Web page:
Newly elected ANC Gauteng chair Panyaza Lesufi believes the party will have to intervene to deal with rampant crime in the province.
According to Lesufi, the level of lawlessness requires a dramatic increase in police officers on the streets as people and businesses in Gauteng live in fear because of the crimes that have become synonymous with the province.
Incidents of aggravated hijackings, kidnapping, house breakings and robberies have increased in the recent years.
Lesufi said businesses were reluctant to invest and struggled to prosper because of crime.
He called for the police force to be heightened across the country’s economic hub to protect residents and businesses.
“As the state, through the ANC, as long as we find lawlessness and crime in our province we’re going to lose businesses,” he said.
“I believe we should step in. I believe the total number of police officers we have countrywide should be the force we have in Gauteng alone to protect everyone.”
Lesufi was addressing a media briefing after being elected ANC provincial chair at the party’s conference this weekend.
He addressed the briefing together with other provincial officials elected at the conference, including deputy chair Nomantu Nkomo-Ralehoko, provincial secretary TK Nciza, deputy provincial secretary Tasneem Motara and treasurer Morakane Mosupyoe.
The conference adjourned to the weekend of July 10 to vote for the additional provincial executive committee and discuss policy documents.
We need to get the ANC right so we can get our province right so we can get our country right
Panyazi Lesufi, Gauteng ANC chairperson
It is expected the policy discussions will include how to halt the party’s electoral decline ahead of the 2024 general elections.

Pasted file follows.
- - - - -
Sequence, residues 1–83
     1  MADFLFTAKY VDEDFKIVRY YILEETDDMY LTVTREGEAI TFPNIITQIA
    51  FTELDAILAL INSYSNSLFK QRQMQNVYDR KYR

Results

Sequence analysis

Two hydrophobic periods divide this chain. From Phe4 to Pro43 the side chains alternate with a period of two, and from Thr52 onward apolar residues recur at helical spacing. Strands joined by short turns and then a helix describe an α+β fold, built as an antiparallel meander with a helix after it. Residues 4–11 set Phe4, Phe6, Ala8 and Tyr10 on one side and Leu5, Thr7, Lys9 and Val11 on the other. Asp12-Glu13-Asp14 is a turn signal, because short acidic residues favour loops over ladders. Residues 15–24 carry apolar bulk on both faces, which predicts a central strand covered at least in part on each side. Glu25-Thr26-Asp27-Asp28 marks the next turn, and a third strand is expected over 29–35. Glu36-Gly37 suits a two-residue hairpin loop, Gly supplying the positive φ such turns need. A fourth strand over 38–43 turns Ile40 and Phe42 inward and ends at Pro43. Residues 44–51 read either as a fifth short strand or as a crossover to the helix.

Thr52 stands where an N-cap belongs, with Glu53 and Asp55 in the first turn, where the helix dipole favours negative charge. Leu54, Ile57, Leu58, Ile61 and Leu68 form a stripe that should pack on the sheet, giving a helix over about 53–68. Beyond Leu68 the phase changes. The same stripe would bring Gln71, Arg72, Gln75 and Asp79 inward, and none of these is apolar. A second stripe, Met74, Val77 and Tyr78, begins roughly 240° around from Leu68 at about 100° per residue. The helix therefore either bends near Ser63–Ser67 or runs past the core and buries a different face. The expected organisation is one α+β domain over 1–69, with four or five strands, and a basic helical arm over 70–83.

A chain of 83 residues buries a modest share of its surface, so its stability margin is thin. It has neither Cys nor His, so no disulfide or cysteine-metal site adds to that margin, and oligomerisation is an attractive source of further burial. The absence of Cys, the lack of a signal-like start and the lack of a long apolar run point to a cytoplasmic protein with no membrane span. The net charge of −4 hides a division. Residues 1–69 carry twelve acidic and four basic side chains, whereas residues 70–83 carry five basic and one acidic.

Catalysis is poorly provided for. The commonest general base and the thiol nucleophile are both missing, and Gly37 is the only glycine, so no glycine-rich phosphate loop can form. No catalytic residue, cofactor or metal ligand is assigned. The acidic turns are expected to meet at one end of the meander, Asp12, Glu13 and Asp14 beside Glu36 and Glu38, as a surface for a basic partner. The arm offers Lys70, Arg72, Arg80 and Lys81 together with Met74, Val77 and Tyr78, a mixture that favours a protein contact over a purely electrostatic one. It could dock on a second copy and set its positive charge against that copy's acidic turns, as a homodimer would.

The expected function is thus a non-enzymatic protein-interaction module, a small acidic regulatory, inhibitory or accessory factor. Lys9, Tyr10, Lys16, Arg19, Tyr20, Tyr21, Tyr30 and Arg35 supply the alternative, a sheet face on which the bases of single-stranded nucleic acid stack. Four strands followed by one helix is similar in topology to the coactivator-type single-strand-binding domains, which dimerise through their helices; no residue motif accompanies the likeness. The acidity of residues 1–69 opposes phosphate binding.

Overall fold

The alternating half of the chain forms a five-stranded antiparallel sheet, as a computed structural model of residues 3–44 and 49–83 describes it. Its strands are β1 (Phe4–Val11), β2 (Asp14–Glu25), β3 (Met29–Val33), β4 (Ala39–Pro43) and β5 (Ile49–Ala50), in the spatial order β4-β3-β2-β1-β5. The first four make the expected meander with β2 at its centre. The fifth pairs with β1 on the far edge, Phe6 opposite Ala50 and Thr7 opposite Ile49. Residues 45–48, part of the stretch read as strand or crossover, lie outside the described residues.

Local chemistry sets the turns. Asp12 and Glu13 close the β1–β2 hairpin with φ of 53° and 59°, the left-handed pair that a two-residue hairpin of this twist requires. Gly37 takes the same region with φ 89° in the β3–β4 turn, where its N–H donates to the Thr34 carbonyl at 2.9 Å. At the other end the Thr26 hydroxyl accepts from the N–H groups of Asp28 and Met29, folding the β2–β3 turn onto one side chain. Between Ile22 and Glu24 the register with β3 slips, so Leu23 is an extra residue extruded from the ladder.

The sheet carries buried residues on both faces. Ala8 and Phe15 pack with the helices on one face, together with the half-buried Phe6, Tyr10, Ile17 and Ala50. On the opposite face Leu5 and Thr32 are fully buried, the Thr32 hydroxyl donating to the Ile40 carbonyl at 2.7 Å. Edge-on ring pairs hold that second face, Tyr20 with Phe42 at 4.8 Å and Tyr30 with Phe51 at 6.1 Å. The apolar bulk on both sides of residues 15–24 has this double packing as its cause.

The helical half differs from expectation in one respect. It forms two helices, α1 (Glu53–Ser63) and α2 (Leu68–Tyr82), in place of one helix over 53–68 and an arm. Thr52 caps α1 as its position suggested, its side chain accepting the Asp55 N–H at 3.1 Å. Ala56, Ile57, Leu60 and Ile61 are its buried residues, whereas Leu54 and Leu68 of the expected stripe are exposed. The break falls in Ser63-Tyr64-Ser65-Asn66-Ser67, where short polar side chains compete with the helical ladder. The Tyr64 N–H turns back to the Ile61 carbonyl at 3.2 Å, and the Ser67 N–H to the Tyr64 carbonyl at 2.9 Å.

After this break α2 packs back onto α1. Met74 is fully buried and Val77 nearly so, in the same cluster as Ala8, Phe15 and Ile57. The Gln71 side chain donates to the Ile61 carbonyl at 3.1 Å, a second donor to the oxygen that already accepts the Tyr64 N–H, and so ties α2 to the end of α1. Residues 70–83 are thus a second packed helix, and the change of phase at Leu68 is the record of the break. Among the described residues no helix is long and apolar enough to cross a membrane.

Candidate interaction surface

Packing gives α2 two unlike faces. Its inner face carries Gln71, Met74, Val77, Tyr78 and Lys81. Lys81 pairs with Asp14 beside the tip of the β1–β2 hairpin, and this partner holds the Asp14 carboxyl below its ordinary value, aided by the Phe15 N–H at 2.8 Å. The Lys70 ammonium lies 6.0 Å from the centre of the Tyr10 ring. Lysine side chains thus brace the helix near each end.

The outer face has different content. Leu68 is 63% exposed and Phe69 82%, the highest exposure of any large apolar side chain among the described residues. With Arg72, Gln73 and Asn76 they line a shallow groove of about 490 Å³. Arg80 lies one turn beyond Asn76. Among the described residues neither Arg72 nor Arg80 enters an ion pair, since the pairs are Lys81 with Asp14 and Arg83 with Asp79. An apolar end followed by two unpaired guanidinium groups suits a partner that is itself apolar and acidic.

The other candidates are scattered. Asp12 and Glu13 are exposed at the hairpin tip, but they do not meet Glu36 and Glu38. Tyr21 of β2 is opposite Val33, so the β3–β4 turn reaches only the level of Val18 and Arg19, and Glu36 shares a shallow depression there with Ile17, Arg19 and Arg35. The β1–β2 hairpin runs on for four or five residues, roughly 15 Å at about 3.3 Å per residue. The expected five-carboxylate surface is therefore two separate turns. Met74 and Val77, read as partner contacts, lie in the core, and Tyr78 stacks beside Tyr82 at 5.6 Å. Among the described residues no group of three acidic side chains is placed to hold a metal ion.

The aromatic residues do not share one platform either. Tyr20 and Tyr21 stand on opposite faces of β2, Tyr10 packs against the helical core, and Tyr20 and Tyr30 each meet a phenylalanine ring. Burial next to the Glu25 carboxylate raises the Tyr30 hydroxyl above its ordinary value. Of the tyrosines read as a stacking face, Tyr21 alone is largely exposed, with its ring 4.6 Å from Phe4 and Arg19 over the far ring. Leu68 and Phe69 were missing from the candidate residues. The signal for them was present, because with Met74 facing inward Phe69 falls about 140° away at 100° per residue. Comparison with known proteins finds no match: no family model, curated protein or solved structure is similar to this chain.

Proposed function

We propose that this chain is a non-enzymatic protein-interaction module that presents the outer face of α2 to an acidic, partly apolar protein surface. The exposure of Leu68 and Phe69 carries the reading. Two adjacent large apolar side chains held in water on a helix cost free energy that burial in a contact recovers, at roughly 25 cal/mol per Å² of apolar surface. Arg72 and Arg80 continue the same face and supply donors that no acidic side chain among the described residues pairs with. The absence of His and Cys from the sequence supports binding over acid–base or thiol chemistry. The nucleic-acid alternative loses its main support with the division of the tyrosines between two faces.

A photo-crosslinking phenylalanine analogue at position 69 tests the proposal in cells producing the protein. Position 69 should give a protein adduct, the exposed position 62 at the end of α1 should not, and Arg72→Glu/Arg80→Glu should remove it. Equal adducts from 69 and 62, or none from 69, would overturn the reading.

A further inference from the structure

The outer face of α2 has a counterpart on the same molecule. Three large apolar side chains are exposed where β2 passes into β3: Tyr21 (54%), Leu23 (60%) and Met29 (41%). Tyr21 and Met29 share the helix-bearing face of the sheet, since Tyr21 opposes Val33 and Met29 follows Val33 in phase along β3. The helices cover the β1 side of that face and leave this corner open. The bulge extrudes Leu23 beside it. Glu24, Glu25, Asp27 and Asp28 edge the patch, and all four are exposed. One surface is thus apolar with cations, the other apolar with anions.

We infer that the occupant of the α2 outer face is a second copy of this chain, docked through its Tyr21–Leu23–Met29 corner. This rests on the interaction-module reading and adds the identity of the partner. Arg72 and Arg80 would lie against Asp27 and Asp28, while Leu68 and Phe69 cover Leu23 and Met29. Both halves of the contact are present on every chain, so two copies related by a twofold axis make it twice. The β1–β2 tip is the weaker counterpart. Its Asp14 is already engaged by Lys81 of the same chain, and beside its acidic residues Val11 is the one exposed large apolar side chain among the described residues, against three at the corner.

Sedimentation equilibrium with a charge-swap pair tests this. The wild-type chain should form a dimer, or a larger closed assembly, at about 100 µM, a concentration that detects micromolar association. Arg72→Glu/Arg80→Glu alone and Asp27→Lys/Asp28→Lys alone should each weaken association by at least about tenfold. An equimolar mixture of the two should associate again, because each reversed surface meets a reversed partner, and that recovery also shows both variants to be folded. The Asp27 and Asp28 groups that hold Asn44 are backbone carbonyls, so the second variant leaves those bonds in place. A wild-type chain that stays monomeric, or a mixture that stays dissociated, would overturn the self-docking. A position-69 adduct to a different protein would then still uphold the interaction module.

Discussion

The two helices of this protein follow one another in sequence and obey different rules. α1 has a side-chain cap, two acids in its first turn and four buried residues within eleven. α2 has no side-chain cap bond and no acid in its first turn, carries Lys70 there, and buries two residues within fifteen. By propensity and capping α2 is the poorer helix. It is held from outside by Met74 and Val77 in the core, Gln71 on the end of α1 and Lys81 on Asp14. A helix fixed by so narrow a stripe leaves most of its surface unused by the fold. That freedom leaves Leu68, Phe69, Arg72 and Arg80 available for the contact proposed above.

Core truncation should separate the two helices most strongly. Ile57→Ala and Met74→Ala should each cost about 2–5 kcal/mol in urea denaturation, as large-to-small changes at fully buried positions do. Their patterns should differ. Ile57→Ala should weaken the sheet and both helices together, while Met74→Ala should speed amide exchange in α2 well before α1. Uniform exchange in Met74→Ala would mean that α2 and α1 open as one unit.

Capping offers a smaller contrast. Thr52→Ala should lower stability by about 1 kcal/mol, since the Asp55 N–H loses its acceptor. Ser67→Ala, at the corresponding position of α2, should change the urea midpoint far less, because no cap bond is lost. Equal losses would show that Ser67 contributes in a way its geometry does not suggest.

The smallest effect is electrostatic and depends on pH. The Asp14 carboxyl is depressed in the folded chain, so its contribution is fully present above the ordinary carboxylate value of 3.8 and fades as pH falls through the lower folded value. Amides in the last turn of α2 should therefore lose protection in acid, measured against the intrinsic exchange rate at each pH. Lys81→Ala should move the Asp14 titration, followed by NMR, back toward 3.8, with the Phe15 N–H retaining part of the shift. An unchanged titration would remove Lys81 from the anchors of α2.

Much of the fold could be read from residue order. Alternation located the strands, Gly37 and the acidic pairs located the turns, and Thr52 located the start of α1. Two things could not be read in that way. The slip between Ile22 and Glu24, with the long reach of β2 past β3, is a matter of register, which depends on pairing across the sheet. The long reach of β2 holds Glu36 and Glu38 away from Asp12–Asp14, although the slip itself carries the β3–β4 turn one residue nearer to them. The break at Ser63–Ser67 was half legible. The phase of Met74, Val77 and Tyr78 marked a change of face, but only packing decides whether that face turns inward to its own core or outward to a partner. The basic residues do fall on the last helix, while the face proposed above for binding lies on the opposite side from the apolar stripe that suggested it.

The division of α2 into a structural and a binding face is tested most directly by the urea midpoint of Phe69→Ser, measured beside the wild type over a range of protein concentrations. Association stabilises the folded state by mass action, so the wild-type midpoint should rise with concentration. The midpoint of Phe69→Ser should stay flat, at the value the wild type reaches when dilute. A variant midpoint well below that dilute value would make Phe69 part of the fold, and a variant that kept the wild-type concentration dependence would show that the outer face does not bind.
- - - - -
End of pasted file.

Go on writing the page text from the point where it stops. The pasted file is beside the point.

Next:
Lesufi said the party has to get the ANC right through policies which will translate to government, to keep its voters in the next elections.
“We need to get the ANC right so we can get our province right so we can get our country right,” he said.
According to Lesufi, South Africans felt let the down by the ANC government and this has translated to the decline at the polls.
However, he said, there are still many who are emotionally attached to the party, even those who aren’t members of the ANC.
“They are emotionally attached to your ANC. We must not take their emotions for granted. It is very important therefore that we have an ANC that can respond to their grievances, among many other things.
“You can’t have this kind of lawlessness, where people are kidnapped in restaurants in broad daylight, people are kidnapped on highways. People can have a car transporting money hijacked in daylight. People that can break into vehicles at traffic lights.”
“What touched me about South Africa is that we have a high cost of living. It’s very difficult, especially in an economic province like ours. There are many things we need to deal with. Wait for us when we give you our policy propositions for literally everything about society. There must be no-one who feels the ANC will not deal with or discuss these matters.”
He said the ANC remains the biggest political formation in the country even though people say it is on its deathbed.
“Don’t prejudge us. There are people who say this thing is dead, people don’t love it … In parliament there is no single political party that has half our membership. In this province, there is no party with electoral votes to match the ANC. You have to combine all of them to match or defeat the ANC.
“Don’t play into the agenda of the opposition to say the ANC is dead. It will not die.”
He said the ANC remains the only political organisation geared towards non-racialism.